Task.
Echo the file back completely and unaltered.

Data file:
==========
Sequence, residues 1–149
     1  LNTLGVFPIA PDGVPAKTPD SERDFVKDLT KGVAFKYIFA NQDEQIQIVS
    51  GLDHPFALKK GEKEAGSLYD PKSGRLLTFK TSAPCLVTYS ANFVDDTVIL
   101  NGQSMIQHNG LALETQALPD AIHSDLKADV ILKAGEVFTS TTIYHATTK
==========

Sequence, residues 1–149
     1  LNTLGVFPIA PDGVPAKTPD SERDFVKDLT KGVAFKYIFA NQDEQIQIVS
    51  GLDHPFALKK GEKEAGSLYD PKSGRLLTFK TSAPCLVTYS ANFVDDTVIL
   101  NGQSMIQHNG LALETQALPD AIHSDLKADV ILKAGEVFTS TTIYHATTK